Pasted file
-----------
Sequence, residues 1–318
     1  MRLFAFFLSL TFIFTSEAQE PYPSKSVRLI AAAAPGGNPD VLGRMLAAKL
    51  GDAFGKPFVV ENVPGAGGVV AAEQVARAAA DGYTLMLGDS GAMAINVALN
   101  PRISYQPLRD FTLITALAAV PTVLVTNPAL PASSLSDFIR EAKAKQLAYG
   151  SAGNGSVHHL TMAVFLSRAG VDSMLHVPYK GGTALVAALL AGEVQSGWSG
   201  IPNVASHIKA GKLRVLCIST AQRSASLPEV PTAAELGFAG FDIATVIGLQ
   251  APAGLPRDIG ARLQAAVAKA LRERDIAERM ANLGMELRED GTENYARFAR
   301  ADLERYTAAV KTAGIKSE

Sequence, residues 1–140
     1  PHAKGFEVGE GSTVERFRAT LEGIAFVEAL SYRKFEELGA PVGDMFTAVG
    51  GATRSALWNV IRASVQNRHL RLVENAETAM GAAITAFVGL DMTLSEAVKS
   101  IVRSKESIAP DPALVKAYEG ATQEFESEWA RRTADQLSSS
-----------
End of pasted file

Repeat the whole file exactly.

Sequence, residues 1–318
     1  MRLFAFFLSL TFIFTSEAQE PYPSKSVRLI AAAAPGGNPD VLGRMLAAKL
    51  GDAFGKPFVV ENVPGAGGVV AAEQVARAAA DGYTLMLGDS GAMAINVALN
   101  PRISYQPLRD FTLITALAAV PTVLVTNPAL PASSLSDFIR EAKAKQLAYG
   151  SAGNGSVHHL TMAVFLSRAG VDSMLHVPYK GGTALVAALL AGEVQSGWSG
   201  IPNVASHIKA GKLRVLCIST AQRSASLPEV PTAAELGFAG FDIATVIGLQ
   251  APAGLPRDIG ARLQAAVAKA LRERDIAERM ANLGMELRED GTENYARFAR
   301  ADLERYTAAV KTAGIKSE

Sequence, residues 1–140
     1  PHAKGFEVGE GSTVERFRAT LEGIAFVEAL SYRKFEELGA PVGDMFTAVG
    51  GATRSALWNV IRASVQNRHL RLVENAETAM GAAITAFVGL DMTLSEAVKS
   101  IVRSKESIAP DPALVKAYEG ATQEFESEWA RRTADQLSSS